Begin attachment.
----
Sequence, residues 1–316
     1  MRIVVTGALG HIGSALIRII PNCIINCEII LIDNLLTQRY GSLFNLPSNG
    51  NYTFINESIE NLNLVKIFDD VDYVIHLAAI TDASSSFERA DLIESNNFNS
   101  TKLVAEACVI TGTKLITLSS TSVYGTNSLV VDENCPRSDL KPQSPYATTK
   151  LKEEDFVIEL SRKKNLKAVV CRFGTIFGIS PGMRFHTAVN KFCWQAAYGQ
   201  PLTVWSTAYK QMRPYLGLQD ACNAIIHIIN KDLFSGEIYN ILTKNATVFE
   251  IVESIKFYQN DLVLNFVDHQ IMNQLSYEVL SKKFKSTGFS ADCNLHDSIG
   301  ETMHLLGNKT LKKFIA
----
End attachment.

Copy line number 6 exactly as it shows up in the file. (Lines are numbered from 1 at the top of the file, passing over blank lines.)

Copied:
   201  PLTVWSTAYK QMRPYLGLQD ACNAIIHIIN KDLFSGEIYN ILTKNATVFE